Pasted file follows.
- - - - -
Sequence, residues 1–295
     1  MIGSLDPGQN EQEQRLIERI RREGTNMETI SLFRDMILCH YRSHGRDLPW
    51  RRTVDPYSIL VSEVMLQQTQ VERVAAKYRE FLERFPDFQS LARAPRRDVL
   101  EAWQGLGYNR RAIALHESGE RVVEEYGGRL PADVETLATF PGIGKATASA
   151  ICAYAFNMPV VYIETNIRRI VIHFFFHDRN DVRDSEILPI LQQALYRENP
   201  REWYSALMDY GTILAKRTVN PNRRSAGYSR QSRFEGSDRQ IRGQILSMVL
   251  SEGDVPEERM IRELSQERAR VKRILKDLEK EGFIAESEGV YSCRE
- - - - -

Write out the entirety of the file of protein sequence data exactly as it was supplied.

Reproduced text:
Sequence, residues 1–295
     1  MIGSLDPGQN EQEQRLIERI RREGTNMETI SLFRDMILCH YRSHGRDLPW
    51  RRTVDPYSIL VSEVMLQQTQ VERVAAKYRE FLERFPDFQS LARAPRRDVL
   101  EAWQGLGYNR RAIALHESGE RVVEEYGGRL PADVETLATF PGIGKATASA
   151  ICAYAFNMPV VYIETNIRRI VIHFFFHDRN DVRDSEILPI LQQALYRENP
   201  REWYSALMDY GTILAKRTVN PNRRSAGYSR QSRFEGSDRQ IRGQILSMVL
   251  SEGDVPEERM IRELSQERAR VKRILKDLEK EGFIAESEGV YSCRE